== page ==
Interview with Clyve Rose

What is your favorite quote or excerpt in the book?

My favourite excerpt is the one where Syeira realises she loves Wil, because at the same time as her heart knows itself, she also knows they can’t be together. With great courage, and no hope, she tells him this in the kirkyard, in the middle of a storm. It’s also the moment Wil realises Syeira loves him – and he finds this confusing: “I regret anything I have done to pain you, Syeira, but I do not understand.” “I know.” Her low voice was audible only because the driving rain had stopped. The drip-drip as water tipped from leaf to leaf and branch to branch seemed loud in the sudden quiet. Nothing settled, and everything did. The storm was over, and in its aftermath a serenely sad silence lay between them.

I also love their first kiss scene.

Can you tell us more about monetizing love with dating apps ?

I’ve thought more about this since I said that. I originally said this to a man I was dating (okay I know – not my best work). I said that dating apps were not about finding love; they were about avoiding being alone. I still believe this to be true. So the apps essentially monetise loneliness, or rather our obsession with avoiding being alone.

Like most writers, I necessarily spend a lot of my time alone. I enjoy my solitude as a rare, and precious, gift I offer myself as often as I can. I believe in love between people of course – this is what I write about. I also believe loving myself is important. If we learn to be our own best companion, it’s possible the capitalists of the world might make a little less off of our emotional state. I could write a feature on this if you like – I feel capitalism is deeply invested in pointing out what people don’t have. It’s how consumerism works. it’s how most power-hungry ‘isms’ work – define something and try hard to make you crave it. Then charge you for access.

I do not like seeing this happen to human connections. We are better than this. Love is better than this – because we are all lovable. It starts with Self.

How does being vulnerable help one find courage in love?

Emily Lockhart wrote:
Love is giving someone the power to destroy you, and trusting they won’t.

I believe this is true. Most of us are fearful of showing who we are. We live in a society where a level of inauthenticity isn’t only accepted – it’s often required. I am ND so perhaps I notice this more because I have to consciously figure out the codes and adopt them. I’ve been doing this my whole life. It’s rare I can take all my filters off, and I am not alone in this. Some folks won’t post a single Instagram image without their filters – and this is a long-running metaphor. An argument between Heart and Ego that’s been going on as long as people have been people.

Showing someone else who you are – all of who you are – is an act of tremendous courage. You must be brave enough to reveal all of yourself. It’s also an act of trust. Trusting someone with your essential self –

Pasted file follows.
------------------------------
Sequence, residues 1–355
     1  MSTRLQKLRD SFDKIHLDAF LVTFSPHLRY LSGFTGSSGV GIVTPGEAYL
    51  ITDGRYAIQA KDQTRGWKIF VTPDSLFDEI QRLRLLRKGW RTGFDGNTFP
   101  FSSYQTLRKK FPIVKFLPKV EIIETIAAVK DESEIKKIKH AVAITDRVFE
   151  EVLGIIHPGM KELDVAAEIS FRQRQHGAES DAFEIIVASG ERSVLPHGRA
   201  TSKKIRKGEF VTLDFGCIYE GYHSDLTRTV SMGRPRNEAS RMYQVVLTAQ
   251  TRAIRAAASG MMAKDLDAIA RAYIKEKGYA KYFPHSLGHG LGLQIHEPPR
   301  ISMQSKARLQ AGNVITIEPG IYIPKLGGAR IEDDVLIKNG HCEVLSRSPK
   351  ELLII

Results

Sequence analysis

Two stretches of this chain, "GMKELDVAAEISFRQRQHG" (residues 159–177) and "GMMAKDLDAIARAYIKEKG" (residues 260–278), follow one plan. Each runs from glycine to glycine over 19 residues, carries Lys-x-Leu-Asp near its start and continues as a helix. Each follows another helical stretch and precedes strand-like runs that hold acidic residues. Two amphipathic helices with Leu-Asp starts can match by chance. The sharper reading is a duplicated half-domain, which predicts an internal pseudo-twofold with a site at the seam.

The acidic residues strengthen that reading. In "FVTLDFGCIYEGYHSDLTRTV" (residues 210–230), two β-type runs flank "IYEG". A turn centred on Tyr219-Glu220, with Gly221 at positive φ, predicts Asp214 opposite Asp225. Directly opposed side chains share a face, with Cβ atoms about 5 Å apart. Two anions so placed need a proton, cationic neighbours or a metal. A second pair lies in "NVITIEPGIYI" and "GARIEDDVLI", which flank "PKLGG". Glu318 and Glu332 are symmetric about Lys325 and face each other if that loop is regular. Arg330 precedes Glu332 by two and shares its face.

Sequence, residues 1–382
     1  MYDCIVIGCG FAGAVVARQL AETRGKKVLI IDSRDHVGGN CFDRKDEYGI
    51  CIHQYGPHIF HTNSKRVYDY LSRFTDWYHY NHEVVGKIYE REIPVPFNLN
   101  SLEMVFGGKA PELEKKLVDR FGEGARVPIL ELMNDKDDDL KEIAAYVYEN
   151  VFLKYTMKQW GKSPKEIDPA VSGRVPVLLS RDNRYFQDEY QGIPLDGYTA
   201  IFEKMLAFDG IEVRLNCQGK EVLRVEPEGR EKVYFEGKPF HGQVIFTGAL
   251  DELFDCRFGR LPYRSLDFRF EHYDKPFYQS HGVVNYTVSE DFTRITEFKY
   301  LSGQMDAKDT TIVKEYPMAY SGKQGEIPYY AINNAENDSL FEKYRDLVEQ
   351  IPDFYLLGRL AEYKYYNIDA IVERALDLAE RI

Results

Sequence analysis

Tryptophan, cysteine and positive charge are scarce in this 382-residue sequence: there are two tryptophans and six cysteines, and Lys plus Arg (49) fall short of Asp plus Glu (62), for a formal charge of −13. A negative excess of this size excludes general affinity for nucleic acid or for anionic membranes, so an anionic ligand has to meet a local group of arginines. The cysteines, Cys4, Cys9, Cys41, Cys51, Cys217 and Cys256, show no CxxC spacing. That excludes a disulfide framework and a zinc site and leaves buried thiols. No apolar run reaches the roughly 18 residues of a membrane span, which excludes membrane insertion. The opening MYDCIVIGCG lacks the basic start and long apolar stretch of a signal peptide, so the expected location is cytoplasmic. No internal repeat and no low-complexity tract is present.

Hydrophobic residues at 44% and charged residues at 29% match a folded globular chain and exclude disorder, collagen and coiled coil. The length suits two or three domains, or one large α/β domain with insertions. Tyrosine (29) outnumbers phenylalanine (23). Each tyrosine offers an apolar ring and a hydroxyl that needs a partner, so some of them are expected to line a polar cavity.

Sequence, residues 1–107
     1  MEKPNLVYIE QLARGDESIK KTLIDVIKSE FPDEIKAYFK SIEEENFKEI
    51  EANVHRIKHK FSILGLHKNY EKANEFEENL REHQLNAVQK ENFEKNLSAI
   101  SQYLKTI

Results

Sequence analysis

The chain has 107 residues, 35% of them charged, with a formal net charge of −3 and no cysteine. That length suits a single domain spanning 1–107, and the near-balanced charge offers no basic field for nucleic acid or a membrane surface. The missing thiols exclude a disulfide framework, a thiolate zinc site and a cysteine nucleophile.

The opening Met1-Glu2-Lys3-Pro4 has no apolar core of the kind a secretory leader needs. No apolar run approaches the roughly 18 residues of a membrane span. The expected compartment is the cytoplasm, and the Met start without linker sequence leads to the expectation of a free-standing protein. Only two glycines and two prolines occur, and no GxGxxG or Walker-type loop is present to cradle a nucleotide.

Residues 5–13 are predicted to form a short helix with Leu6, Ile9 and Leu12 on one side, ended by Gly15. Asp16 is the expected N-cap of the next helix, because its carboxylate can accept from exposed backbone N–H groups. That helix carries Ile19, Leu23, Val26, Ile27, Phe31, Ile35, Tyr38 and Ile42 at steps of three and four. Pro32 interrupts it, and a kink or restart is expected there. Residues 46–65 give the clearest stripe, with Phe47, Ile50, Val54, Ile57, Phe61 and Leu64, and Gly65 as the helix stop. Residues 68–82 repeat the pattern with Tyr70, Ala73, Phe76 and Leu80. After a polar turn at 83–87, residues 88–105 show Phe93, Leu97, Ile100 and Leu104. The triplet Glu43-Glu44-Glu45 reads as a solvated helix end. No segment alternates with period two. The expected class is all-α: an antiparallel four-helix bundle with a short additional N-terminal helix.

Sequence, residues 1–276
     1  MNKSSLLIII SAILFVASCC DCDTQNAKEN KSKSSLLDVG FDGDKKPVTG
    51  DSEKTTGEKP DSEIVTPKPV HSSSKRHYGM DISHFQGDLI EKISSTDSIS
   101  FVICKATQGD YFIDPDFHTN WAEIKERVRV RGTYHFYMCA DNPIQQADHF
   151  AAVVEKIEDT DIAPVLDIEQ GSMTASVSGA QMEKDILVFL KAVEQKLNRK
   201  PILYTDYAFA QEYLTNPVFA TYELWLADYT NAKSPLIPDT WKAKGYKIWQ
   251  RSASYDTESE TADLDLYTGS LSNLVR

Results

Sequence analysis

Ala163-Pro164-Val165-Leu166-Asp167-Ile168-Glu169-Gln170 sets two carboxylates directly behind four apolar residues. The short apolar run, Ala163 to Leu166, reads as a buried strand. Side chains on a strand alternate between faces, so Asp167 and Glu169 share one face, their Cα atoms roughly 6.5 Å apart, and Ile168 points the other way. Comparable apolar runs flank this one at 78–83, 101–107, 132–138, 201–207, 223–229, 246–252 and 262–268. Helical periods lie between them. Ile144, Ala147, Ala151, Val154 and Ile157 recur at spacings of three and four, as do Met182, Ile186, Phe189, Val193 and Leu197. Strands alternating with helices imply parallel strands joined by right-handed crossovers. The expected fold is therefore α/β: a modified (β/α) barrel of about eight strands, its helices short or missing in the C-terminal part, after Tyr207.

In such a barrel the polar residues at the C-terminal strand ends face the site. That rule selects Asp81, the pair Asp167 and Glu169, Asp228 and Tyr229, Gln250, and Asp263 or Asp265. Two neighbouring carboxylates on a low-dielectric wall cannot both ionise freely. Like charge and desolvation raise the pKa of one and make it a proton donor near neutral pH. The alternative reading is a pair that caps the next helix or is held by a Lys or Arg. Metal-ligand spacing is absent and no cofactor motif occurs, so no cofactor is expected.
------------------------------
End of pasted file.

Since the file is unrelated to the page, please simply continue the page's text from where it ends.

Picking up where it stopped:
your heart and soul – is far easier than trusting them with only your body. Sex is easier than love. While the two are linked, they are not the same.

Tell us about infusing yourself into her main character in your novel Always a Princess.

Syeira is an aspirational version of myself. I am fairly introverted and far less courageous than she is. She’s strong-willed and quite spirited. She stands up for herself and those she loves – and this is something I became better at doing as I wrote her character. Nothing makes me braver than defending the ones I love. Nothing fires up my temper more than someone coming for them – especially my daughter. I also have very little patience for bullies and prejudice. I grew up with unhealthy doses of both so it definitely triggers me. Syeira is far, far better at the waltz than I imagine I ever could be though. She’s also a better horsewoman. (Then again, I have a car )

Why and how do you think your books resonate with your audience, especially in our millennia?

Do they? I hope they do 🙂

I like to think we’ve reached a place in human relationships where we recognise nuance is a part of connection. Communication and understanding each other one-to-one ought to matter more than societal conditioning. I say I’d like to think we’ve evolved so far as people, because it’s clear we vacillate a lot – but that’s human too and individual. I believe people will always respond to interesting characters and decent dialogue. Human interaction is endlessly fascinating to me, and I think to other people as well. Certainly my readers’ insights are a revelation. I learn so much from their feedback. Romance as a genre resonates with people because it’s about people and how we relate to each other. Pride & Prejudice was published in 1813 and people still find the story interesting – because it’s about love, and awkward crushes and failed proposals, and snobs and not-snobs and witticisms, foolishness, siblings, cousins, and this – all of this – is the stuff of life. I hope I write somewhere in this ballpark, and that readers like it when I do.

Is there another book coming?

YES! There’s always another book! Stay tuned!!!!

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